Everyone with aging parents dreads getting “the call”. Everyone’s life is busy with work, house chores, taking care of the family, and volunteering. So, when you get that phone call informing you that your parent is in the hospital, it’s no longer business as usual. There’s a hundred questions on your mind. What happened? Will your parent be okay? What do the doctors say?
After the initial shock of the news wears off, it’s time to make decisions.
Should you go to the hospital right away – or wait?
Your first instinct may be to drop everything and rush to the hospital. If your parents live close by, that may be the best course of action. However, if the hospital is several hours away by car (or in another state) you may want to pause. Is it better for you to travel now, or would you be of more help if you wait? Think about your parent’s current condition, prognosis, timing of likely discharge, and whether they have a local support network. Remember that only you know what’s the right thing to do. Don’t let other people’s judgment get in the way.
If you opt to delay travel, inform the hospital of any important medical and legal documents they may need. Offer to fax your parent’s health care proxy paperwork or advance directive, and stay in touch.
Get organized before you head out the door
If you decide to go to the hospital, take some time to get yourself organized. How much time you have will depend on your parent’s condition and prognosis. Even if the situation is time-sensitive, take a moment to pack copies of important documents, such as the healthcare proxy, advance directive, power of attorney, list of current medications, etc. It’s a good idea to keep those documents together in a labeled folder so that you can grab them quickly without having to dig through files or boxes.
If you have a bit more time to pack, throw in your toiletries, a sweater in case the hospital room gets chilly, a change of clothes, your phone and the charger to go with it, a laptop, book or a reading tablet, a water bottle, and your own medications for a day or two.
Think through the logistics
Your life doesn’t press “pause” when your parent is hospitalized, so you need to think about all the tasks that you are typically responsible for. Do you need childcare arrangements? Pet sitting? A call to work or the organization you volunteer at to arrange for an absence? Remember that this is an emergency. You shouldn’t feel the pressure to keep everything running as if nothing happened. Make things easy for yourself by canceling or rescheduling anything non-essential.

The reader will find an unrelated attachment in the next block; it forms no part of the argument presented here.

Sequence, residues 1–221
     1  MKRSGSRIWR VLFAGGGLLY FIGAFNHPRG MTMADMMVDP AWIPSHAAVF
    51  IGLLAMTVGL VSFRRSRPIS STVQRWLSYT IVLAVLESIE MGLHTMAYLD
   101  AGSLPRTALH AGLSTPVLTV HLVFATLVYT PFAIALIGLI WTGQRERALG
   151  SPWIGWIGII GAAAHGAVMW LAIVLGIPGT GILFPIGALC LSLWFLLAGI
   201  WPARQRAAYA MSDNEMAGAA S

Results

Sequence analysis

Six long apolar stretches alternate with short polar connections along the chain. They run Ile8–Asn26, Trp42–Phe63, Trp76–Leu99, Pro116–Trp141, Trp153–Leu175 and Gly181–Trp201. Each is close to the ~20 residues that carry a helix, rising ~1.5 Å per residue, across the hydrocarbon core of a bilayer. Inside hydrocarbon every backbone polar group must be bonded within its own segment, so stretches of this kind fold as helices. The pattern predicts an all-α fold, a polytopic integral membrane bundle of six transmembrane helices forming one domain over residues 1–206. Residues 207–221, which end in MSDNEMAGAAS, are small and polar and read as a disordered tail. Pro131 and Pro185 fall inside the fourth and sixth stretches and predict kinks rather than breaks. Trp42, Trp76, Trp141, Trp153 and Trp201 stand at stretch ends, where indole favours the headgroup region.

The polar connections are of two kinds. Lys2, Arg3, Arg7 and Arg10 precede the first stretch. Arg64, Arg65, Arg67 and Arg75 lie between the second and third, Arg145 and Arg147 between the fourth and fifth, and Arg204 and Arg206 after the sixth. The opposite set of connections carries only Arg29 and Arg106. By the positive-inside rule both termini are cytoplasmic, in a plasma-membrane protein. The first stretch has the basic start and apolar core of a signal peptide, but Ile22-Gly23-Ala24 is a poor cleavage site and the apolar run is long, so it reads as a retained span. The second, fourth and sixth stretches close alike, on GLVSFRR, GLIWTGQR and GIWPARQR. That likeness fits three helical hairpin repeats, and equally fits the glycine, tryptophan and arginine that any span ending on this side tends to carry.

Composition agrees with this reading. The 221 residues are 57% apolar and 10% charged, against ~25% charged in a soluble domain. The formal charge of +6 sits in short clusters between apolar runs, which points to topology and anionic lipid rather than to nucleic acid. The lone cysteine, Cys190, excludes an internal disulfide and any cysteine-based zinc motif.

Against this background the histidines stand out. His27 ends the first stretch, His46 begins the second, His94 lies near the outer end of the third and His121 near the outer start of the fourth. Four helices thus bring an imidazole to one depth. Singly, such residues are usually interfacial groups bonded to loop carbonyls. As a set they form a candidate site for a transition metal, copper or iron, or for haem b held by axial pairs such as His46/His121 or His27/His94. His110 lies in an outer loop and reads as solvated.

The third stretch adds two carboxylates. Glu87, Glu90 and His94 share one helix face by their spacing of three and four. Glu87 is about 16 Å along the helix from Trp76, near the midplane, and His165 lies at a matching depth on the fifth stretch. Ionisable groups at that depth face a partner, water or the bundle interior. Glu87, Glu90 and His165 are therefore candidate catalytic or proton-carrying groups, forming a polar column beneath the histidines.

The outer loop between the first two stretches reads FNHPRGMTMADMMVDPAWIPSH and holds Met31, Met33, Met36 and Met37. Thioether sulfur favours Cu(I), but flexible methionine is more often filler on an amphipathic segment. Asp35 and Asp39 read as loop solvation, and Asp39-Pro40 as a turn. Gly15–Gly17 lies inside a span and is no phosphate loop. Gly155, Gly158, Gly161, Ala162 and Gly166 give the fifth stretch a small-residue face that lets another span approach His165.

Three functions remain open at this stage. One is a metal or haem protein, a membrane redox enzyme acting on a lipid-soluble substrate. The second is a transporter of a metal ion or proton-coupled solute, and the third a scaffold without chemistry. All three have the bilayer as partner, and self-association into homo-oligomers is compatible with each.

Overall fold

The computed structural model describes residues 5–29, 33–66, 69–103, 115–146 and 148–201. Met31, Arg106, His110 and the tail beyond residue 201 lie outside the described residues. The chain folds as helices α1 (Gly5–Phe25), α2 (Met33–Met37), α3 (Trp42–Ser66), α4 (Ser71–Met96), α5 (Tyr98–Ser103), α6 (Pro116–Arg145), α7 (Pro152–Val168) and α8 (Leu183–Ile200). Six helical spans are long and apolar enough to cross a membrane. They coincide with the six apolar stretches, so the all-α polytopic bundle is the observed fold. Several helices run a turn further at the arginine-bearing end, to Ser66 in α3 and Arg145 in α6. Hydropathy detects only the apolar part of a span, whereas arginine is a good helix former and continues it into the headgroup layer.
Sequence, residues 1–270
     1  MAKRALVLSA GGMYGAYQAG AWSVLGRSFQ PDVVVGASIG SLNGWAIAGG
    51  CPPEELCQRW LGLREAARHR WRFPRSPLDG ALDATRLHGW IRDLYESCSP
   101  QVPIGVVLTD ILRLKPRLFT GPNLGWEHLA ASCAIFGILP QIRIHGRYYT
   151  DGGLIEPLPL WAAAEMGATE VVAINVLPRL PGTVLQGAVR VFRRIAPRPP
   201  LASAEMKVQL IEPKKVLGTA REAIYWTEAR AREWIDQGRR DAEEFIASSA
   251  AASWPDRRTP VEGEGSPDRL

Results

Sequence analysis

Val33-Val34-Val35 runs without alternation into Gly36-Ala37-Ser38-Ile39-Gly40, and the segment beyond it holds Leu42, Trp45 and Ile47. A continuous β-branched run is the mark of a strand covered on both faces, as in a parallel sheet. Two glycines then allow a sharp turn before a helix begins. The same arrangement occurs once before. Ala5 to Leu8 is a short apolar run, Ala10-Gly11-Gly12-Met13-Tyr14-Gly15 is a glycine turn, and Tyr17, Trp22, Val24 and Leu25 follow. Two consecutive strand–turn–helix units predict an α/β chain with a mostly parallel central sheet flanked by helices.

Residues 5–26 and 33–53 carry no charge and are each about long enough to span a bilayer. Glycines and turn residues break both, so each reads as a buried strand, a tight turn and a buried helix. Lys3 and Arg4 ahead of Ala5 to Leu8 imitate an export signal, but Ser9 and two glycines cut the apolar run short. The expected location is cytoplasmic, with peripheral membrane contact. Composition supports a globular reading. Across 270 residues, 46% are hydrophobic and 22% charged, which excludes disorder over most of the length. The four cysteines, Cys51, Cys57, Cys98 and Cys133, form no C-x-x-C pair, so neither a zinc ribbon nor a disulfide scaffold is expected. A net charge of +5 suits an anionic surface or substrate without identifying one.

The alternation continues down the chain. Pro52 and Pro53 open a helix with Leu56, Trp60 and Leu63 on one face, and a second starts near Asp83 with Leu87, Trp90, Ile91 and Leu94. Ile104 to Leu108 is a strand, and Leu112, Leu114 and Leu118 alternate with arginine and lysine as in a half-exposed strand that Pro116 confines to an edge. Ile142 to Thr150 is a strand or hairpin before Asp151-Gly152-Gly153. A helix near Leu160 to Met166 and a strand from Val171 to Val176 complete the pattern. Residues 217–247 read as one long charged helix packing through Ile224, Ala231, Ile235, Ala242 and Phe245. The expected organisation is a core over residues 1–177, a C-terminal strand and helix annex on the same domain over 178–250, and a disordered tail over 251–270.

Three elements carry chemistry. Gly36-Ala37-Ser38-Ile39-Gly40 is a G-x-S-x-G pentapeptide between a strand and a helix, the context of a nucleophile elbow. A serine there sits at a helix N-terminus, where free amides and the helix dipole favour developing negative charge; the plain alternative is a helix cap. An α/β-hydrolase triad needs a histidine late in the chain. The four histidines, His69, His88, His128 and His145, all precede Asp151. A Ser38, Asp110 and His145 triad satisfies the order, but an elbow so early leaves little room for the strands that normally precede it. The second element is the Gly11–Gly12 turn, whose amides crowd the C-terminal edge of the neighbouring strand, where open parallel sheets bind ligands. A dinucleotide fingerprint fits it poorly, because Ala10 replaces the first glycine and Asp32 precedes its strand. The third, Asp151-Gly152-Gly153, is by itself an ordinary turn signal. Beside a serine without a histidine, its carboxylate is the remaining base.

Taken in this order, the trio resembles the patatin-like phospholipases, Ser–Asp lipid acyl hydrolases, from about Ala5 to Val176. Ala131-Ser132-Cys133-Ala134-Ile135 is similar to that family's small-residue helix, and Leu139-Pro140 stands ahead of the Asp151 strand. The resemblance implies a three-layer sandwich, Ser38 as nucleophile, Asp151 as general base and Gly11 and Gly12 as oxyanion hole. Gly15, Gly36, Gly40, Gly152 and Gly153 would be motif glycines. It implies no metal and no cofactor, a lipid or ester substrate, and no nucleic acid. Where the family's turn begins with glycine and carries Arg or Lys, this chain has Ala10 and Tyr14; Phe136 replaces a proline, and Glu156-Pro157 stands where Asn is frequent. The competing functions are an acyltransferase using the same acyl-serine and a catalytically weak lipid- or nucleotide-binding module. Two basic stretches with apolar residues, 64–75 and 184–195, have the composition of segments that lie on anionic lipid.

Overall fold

Once at the hospital, focus on the task at hand
You have three jobs while at the hospital. The first one is to advocate for your parent. The second is to be present. The third is to catch any balls that may have fallen when an emergency landed your parent on the hospital bed. Let’s tackle them one at a time.
Advocacy in a hospital setting requires a difficult balancing act. The goal is to ensure that your parent gets the best possible outcome. Sometimes, that requires asking lots of questions. Sometimes, you may find yourself filling in the blanks in the medical history and bringing the nursing staff up to date. Don’t assume that the medical professionals know everything about your parent’s situation: as experienced and well trained as they are, doctors and nurses have to juggle dozens of patient histories and priorities.
Remember that hospitals can be scary and disorienting places, especially for an ailing elder. You are there to comfort your parent and be their eyes and ears. Listen to the medical staff. Take notes. Watch for signs of distress in your parent. If your parent has a difficult personality that isn’t improved by pain and discomfort, talk to the nurses about what you can do to help.
Finally, and especially if your parent was hospitalized after an accident or a sudden deterioration in health, you may have to take over the logistics of their household. Depending on the situation, that may involve paying bills, getting a dog walker, or preparing the home for your parent’s eventual return.
Finally, remember to take care of yourself
Taking care of an ailing parent can take a toll on you. Make sure that you carve out the space to rest. Eat healthy foods and drink plenty of water. Step out for fresh air breaks, even if all you do is simply walk around the hospital building. That will allow you to think clearly, ask the right questions, and be more present for your parent.